National Women’s Law Center Launches Network to Fight Sex Discrimination

National Women’s Law Center Launches Network to Fight Sex Discrimination

Reflecting concerns over the country’s progress toward gender equality, the National Women’s Law Center, a Washington-based advocacy group for women’s rights, has announced the formation of a new legal network dedicated to helping women and girls who are victims of sex discrimination. The NWLC has recruited more than 70 attorneys in 15 states so far, and aims to have attorneys affiliating with the network in every state, the Associated Press reports:

Fatima Goss Graves, president of the [NWLC] … said the initiative was prompted by growing concerns that protections against sex discrimination were being weakened under the Trump administration. “We’ve seen a surge of gender-based hostility and harassment across the nation,” said Goss Graves, who decried “escalating federal rollbacks to critical protections in education, the workplace, and health care.” …

Creation of the new legal network was welcomed by Lenora Lapidus, who heads the American Civil Liberties Union’s Women’s Rights Project. “Bringing in more attorneys to really focus on these cases is a good idea,” she said. “We become like a tide that can push change more rapidly.”

The announcement comes in the wake of several high-profile sexual harassment scandals and gender discrimination lawsuits, which have called attention to how vulnerable women still are to mistreatment in the American workplace. Rewire’s Bryce Covert takes a closer look at what the network is already doing, and what it hopes to accomplish:

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Texas Judge Permanently Blocks ‘Persuader Rule’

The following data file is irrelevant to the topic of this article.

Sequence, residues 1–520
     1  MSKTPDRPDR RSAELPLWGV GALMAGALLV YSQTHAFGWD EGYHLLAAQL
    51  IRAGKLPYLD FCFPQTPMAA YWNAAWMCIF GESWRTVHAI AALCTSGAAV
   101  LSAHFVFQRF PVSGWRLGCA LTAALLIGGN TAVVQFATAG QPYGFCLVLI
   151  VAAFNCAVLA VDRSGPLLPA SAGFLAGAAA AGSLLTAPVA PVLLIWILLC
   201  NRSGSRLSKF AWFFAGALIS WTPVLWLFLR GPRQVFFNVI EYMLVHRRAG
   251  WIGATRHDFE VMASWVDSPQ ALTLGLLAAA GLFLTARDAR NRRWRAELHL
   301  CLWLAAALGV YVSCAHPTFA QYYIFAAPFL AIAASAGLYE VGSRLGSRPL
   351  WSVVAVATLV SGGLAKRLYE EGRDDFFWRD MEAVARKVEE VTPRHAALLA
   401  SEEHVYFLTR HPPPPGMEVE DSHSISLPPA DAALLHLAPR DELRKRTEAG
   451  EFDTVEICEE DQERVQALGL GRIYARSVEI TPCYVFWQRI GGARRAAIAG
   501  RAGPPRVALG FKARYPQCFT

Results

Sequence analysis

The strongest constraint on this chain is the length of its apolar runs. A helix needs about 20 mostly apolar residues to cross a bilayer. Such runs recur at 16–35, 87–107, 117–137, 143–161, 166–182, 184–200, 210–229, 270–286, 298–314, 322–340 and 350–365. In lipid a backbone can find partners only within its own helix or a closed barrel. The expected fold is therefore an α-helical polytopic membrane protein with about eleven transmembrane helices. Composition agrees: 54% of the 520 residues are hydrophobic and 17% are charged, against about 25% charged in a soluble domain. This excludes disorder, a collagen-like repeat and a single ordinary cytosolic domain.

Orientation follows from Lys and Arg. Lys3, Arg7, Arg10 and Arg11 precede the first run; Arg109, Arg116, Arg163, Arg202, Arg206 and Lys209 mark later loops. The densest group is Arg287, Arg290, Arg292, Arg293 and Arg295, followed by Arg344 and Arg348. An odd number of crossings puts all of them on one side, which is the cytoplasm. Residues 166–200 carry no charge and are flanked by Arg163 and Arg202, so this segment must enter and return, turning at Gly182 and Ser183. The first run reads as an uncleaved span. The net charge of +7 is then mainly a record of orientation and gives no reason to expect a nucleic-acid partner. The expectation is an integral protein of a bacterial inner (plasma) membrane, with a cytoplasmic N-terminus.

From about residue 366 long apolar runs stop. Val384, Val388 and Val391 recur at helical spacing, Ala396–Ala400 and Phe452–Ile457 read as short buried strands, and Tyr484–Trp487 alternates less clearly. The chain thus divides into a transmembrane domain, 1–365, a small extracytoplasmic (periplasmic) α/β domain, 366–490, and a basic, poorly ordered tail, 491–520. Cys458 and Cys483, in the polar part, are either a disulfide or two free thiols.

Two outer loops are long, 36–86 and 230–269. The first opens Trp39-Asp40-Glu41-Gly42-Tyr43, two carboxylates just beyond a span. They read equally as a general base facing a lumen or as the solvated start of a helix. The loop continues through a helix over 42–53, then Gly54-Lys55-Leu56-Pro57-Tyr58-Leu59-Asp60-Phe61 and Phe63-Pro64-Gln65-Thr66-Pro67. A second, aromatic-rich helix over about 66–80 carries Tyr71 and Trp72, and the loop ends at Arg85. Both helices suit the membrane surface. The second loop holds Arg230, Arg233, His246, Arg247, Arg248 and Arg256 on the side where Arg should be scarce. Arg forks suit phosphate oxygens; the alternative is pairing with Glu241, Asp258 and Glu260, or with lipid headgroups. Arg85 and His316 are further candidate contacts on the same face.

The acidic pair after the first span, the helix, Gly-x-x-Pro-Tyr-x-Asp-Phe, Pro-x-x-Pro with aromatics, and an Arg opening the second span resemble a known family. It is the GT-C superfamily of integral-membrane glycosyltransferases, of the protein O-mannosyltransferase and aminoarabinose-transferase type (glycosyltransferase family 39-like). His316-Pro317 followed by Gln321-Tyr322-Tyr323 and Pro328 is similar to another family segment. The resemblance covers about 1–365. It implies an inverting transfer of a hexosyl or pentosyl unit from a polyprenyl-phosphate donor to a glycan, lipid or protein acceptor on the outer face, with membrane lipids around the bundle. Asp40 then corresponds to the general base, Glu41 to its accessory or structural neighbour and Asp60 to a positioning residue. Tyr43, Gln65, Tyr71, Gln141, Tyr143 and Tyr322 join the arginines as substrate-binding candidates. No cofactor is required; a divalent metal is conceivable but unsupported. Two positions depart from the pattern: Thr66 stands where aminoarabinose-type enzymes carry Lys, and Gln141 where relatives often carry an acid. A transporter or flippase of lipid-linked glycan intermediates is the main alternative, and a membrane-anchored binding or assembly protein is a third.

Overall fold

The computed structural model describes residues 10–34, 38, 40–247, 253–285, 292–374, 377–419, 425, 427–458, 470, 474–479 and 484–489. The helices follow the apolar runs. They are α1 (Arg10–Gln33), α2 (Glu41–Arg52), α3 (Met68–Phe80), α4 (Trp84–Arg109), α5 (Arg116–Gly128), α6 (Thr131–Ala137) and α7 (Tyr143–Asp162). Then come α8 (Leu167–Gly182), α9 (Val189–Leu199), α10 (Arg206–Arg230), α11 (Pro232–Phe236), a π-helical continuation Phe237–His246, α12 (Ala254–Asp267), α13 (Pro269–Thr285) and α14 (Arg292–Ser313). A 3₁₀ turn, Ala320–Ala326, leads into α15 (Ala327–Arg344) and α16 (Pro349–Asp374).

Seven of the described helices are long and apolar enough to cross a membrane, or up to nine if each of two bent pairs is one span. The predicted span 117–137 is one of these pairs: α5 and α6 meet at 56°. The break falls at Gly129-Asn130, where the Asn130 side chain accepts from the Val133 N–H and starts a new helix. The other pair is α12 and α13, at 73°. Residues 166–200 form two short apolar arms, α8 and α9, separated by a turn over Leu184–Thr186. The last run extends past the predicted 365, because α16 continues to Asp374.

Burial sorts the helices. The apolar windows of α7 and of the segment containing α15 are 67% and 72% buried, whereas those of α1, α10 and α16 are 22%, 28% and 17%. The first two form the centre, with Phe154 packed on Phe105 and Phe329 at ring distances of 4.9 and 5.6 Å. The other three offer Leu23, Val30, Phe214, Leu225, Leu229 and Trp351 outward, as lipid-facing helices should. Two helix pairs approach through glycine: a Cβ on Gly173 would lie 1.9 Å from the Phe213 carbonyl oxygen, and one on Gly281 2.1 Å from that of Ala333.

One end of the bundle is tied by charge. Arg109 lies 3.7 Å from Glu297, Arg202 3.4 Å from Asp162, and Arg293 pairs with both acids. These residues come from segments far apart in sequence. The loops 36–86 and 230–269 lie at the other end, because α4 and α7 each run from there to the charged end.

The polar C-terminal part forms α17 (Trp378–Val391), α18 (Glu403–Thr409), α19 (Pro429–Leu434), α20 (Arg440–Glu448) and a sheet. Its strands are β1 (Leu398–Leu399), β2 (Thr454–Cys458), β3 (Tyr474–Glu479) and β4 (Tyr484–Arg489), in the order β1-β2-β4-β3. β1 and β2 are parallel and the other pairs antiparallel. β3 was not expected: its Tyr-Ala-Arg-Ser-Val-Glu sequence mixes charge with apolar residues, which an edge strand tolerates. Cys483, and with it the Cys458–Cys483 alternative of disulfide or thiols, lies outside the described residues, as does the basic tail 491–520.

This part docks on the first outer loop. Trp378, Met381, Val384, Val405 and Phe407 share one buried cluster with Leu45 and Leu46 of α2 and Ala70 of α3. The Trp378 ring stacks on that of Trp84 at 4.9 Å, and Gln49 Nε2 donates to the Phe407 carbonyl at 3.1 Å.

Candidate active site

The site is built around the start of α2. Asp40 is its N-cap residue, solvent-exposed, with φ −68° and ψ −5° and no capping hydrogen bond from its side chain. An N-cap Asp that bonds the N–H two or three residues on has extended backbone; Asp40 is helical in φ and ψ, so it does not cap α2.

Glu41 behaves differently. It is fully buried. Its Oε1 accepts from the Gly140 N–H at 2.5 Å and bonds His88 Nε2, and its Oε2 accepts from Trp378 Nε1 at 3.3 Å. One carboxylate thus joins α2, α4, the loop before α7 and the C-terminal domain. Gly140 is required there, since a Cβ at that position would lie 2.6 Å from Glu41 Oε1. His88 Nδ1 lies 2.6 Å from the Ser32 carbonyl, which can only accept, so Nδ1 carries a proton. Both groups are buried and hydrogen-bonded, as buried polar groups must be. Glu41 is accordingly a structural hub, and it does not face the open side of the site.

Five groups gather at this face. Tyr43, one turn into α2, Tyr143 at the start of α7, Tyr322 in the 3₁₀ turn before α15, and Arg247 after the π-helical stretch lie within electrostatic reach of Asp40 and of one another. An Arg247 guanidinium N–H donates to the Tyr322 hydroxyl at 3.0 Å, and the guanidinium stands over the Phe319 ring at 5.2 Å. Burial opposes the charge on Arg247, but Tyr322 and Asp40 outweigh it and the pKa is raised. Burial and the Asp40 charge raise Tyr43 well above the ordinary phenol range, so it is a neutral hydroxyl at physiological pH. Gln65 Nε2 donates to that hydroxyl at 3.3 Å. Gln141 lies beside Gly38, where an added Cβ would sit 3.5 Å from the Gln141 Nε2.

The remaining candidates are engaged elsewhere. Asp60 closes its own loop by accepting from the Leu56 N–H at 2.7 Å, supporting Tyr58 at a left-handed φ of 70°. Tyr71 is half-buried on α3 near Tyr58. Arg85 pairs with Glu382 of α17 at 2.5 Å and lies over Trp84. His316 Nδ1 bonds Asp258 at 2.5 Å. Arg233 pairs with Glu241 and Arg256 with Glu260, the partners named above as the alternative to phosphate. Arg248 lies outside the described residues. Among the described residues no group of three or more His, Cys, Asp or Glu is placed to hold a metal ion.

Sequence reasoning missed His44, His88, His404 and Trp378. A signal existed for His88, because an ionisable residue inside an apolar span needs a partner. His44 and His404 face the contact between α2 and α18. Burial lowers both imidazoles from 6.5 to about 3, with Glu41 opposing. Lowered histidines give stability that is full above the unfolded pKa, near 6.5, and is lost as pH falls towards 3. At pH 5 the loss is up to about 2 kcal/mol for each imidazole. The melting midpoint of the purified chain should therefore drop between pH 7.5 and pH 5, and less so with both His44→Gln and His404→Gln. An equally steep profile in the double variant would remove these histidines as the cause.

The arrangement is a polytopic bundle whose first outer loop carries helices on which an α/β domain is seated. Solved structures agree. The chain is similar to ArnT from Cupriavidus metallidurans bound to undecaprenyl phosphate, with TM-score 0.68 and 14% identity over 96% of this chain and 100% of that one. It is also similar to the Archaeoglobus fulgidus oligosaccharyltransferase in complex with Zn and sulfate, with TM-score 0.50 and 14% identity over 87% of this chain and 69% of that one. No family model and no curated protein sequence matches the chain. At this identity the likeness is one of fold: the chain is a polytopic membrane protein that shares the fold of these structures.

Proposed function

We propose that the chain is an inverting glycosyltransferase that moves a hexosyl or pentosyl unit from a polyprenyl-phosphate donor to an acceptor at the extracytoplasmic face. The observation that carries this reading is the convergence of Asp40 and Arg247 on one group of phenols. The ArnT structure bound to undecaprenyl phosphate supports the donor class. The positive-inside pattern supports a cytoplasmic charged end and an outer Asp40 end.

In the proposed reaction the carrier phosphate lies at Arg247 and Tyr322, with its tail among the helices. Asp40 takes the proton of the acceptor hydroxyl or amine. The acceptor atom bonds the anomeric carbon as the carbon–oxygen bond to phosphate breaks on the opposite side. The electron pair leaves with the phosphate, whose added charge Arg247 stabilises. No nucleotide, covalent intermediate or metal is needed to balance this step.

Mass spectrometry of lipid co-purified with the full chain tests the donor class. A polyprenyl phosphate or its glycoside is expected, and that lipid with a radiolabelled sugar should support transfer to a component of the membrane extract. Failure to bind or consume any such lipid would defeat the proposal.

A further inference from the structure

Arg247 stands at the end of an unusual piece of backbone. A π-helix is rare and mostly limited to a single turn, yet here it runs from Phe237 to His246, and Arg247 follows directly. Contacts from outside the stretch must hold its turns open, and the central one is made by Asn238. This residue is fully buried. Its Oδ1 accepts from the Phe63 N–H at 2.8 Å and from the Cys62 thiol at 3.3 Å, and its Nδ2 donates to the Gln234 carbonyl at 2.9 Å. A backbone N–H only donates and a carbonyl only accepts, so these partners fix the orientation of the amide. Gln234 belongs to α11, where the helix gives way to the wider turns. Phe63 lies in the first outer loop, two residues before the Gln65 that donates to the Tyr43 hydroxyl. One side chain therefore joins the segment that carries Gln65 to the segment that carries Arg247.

Texas Judge Permanently Blocks ‘Persuader Rule’

A rule enacted by the US Department of Labor earlier this year requiring employers to disclose their relationships with consultants hired to discourage employees from forming or supporting unions has been blocked by a district court judge in Texas, The Hill reports:

Judge Sam Cummings granted a motion for summary judgment in favor of the National Federation of Independent Business (NFIB) that turns the temporary stay he ordered in June into a permanent injunction. In the two-page order, he said the rule “should be held unlawful and set aside.”

In the temporary injunction he issued in June, Cummings had said the rule was too broad and would have conflicted with state rules regarding the practice of law. Employment lawyers had strongly opposed the rule, arguing that it infringed on their ability to advise clients confidentially when they faced union elections. Fisher Phillips calls Wednesday’s permanent injunction a “clear and all but absolute [victory] for employers”:

The persuader rule is almost certainly dead, and it is hard to envision a legal landscape where it will be resurrected. Although the USDOL is continuing to litigate an appeal of the initial court ruling, that appeal will not be decided before Donald Trump takes office as president. Given his avowed interest in boosting businesses and his oft-stated animosity towards business-encumbering regulations, many analysts predict that the Trump administration will simply drop the appeal once it controls the USDOL. Under directions from Trump, the new Secretary of Labor could simply decide to withdraw the appeal and commence administrative proceedings to reverse course. Such a maneuver would effectively kill the persuader rule once and for all.

Will AI Disrupt Big Law?

Will AI Disrupt Big Law?

Mark Cohen looks to the future at Forbes, noting how automated processes are already making inroads into the traditionally innovation-averse legal sector:

It’s no surprise that AI is rapidly becoming a staple in the delivery of legal services. The disaggregation of legal tasks fueled by globalization, technological advances, and the financial crisis propelled legal process outsourcing companies (LPO’s). The LPO model relies on labor arbitrage and technology to dramatically reduce the cost of high-volume/low-value “legal” functions like document review. This has enabled LPO’s to pry certain types of repetitive work from high-priced law firms. LPO’s demonstrated that law firms are not the sole—or most efficient and cost-effective—providers of all legal services. They also confirmed that technology and process management—together with legal expertise—are all essential legal delivery components.

AI is ushering in the second phase of legal delivery disaggregation. …

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